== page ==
Obesity in Companion Animals

Pet obesity is no joke. The 2018 survey by the Association for Pet Obesity Prevention indicated that 55.8% of dogs and 59.5% of cats were overweight or obese. This totals 50.2 million dogs and 56.5 million cats (2017) in the United States with increased weight and decreased life span.

A 14-year lifespan study on dogs conducted by the nutritionists with Purina Institute concluded that when fed a restricted-fed diet (measured diet) over a free feeding diet (non-measured diet), the median life span increased by 15%, an average of 1.8 years. Additionally, there was more time before the onset of signs related to chronic and age-related diseases with lean-fed dogs.

Obesity is a disease of all animals alike and can lead to numerous consequences that shorten the span and quality of life. Learn more about obesity and how to combat it in your pet to give them their best life possible.

What is Obesity? 

Obesity is defined as 25% or more above ideal body weight. This can be measured in body condition score, a semi-objective measurement of weight, which involves evaluating certain points on a dog or animal for fat accumulation. These areas include over the ribs, at the waist, on the butt (rump), and in cases of overly obese animals, on the neck and limbs. It is measured on a scale of 1 to 9 with 4-5/9 constituting an ideal body weight. For each point above 5, the pet is 10% overweight. For example, a 7/9 equals 20% overweight.

The body can also be assessed for muscle condition score. The muscles assessed are the head muscles, the muscles along the sides of the spine, the shoulder muscles, and the thigh muscles. This is graded from normal muscle mass (1 out of 4) to severe muscle loss (4 out of 4)

Consequences to Obesity 

Obesity decreases life by 15% and brings serious co-morbidities or other diseases associated with obesity.

The most common related conditions are mobility disorders, such as arthritis, torn ligaments in the knee, herniated disks in the spine, and other spinal changes; endocrine disorders, such as hypothyroidism (low thyroid hormone) and diabetes; high blood pressure and heart disease; and other organ dysfunction like liver, kidney, and urinary tract disease.

Additionally, obesity has been linked to inflammatory conditions and certain forms of cancer.

Causes of Obesity 

The cause of obesity can be broken down into either increased calorie consumption or decreased calorie spending. This is influenced by many factors, such as human-related, animal-related, or environment-related.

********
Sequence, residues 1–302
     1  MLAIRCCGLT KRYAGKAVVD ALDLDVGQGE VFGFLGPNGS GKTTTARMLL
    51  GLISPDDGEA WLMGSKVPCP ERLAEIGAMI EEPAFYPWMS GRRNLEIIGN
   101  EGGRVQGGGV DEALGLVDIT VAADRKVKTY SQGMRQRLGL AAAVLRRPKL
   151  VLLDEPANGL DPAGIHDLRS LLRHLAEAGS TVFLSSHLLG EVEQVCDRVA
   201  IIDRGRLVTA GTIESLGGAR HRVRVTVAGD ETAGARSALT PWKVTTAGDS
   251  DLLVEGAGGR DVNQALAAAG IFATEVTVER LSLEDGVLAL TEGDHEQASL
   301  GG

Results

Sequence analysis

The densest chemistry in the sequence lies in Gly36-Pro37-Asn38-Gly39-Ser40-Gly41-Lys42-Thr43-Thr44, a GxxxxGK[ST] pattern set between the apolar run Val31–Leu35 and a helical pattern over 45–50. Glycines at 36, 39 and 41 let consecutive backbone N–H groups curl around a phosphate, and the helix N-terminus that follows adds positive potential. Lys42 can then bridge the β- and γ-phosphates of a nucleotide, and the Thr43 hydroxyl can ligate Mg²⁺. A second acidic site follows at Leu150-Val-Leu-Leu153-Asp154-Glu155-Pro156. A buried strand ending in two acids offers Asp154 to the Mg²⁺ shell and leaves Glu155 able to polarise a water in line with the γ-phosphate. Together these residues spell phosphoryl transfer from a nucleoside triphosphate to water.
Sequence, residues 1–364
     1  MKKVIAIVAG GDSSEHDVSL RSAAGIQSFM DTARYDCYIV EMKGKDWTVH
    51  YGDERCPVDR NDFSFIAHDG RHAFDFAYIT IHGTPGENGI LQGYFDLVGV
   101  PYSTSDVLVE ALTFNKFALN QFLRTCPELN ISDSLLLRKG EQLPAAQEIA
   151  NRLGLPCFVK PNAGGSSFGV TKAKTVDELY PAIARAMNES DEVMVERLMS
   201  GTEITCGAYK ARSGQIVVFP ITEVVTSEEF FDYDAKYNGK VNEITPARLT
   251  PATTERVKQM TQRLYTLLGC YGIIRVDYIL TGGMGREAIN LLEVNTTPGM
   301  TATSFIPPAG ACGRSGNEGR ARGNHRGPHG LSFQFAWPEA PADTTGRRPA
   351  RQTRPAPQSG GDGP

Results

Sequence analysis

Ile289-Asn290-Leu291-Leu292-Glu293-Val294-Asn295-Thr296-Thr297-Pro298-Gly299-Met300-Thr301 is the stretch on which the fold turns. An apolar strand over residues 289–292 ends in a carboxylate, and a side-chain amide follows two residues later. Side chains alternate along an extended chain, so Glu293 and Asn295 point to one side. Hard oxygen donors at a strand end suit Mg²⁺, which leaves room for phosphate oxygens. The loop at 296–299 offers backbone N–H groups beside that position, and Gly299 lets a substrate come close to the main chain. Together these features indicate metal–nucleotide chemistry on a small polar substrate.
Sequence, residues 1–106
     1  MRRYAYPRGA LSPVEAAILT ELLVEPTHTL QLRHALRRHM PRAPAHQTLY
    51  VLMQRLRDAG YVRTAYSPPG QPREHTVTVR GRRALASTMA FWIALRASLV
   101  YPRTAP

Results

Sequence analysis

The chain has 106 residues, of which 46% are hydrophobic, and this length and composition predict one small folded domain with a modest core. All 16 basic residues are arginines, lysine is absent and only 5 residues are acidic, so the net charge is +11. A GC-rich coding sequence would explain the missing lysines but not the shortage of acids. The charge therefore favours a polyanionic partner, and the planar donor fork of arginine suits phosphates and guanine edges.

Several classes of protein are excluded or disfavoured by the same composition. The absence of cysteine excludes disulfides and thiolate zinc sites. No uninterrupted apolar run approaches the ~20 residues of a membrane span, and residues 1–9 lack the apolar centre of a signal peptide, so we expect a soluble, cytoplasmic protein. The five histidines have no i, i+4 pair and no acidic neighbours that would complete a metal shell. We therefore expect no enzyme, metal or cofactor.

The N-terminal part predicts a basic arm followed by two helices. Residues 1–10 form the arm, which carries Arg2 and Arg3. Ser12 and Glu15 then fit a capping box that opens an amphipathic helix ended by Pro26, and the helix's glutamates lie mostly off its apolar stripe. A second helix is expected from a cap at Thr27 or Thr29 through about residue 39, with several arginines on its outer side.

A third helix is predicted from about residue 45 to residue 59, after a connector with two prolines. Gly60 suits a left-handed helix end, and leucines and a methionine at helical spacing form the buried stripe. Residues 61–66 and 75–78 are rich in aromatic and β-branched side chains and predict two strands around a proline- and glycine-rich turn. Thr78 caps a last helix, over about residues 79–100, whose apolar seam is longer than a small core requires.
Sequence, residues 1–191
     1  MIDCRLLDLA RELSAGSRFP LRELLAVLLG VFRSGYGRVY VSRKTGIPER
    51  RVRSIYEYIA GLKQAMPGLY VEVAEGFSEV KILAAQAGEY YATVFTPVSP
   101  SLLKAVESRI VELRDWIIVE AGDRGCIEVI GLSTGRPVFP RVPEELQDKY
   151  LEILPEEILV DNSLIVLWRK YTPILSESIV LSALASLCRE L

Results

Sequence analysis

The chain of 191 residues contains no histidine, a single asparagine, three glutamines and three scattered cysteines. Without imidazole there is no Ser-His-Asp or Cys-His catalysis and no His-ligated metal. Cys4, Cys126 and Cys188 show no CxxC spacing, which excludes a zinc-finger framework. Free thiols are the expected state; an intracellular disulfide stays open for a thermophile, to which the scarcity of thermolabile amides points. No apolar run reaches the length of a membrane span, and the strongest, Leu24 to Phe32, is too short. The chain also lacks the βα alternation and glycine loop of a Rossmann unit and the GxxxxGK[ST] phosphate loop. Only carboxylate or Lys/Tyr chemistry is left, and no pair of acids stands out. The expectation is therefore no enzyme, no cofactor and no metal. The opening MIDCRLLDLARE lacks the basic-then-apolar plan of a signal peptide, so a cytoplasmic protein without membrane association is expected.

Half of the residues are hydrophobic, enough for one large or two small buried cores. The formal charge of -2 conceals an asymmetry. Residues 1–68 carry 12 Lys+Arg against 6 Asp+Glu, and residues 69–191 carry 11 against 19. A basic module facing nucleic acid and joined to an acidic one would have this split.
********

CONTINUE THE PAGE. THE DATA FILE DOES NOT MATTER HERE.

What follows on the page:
Excess calorie consumption can be due to overfeeding of the primary diet or overfeeding of treats or people food. This can be counteracted by regular weight checks, measuring of diet, and limiting treats to no more than 10% of caloric intake.

Animal related factors leading to obesity can be genetic predisposition, aging, or a consequence of spaying and neutering which changes in metabolism. Moreover, a decrease in exercise, especially in warm Las Vegas summer, decreases calorie burning and reduces muscle mass which helps with glucose and fat metabolism.

In order to prevent obesity, an individualized diet and exercise plan can be adopted with regular weight monitoring to keep your pet in tip-top shape.

What about other animals? 

Pet birds are also frequently obese, owing to old-school feeding habits, such as an all-seed diet. Obesity birds can lead to serious consequences like fatty liver disease, heart disease, clogged arteries (atherosclerosis), stroke, or cancer. They are also predisposed to fatty tumors, lipomas or xanthomas, which may require surgical removal under anesthesia. The species most commonly predisposed to obesity include Amazon parrots, budgies, canaries, cockatiels, cockatoos, and quaker parakeets

The best way to kick off weight loss in birds is to switch to a pelleted based diet (Mazuri and Zupreem are great brands) and reduce seed consumption to only treats. These formulated diets should be low in calories and fat content and high in fiber and should be measured and tracked daily. Also, encouraging activity and exercise using foraging toys, supervised time outside of the cage, and increasing movement in the cage with additional toys, perches, ladders, and platforms.

Reptiles come in all shapes and sizes and it can be difficult to assess if your reptile is over or underweight. Husbandry also a large influence on metabolism and weight. Light, temperature, and humidity of the environment plays into a reptile’s overall body condition. It is important to make sure that each reptile has an appropriate diet for its lifestyle, whether it is an herbivore, omnivore, or carnivore as well as appropriate nutrient supplements.

Body condition scoring can be difficult in reptiles. For lizards, body condition is assessed by how well bones can be skin through the skin along the spine, skull, ribs, leg bones, and hips. Obese lizards store their fat in the tail, along their spine and ribs, and under their neck.

Tortoises and turtles are the most difficult to assess for body condition. A few clues may signal obesity; They may feel heavy when picked up, have bug eyes due to fat deposits behind the eyes, or may not be able to bring arms and legs back into their shells.

Snakes can be assessed by feeling the ribs and spine. Obese snakes can have a less tubular appearance with uneven bodies and the skin between the scales will be visible.

Following appropriate nutritional guidelines and encouraging exercise of your reptile through enriching activities such as hiding food to encourage foraging and supervised exercise time, such as walks, swimming, or playpens.

Any animal can become obese and benefit for regular veterinary examinations to assess for physical health and appropriate nutrition.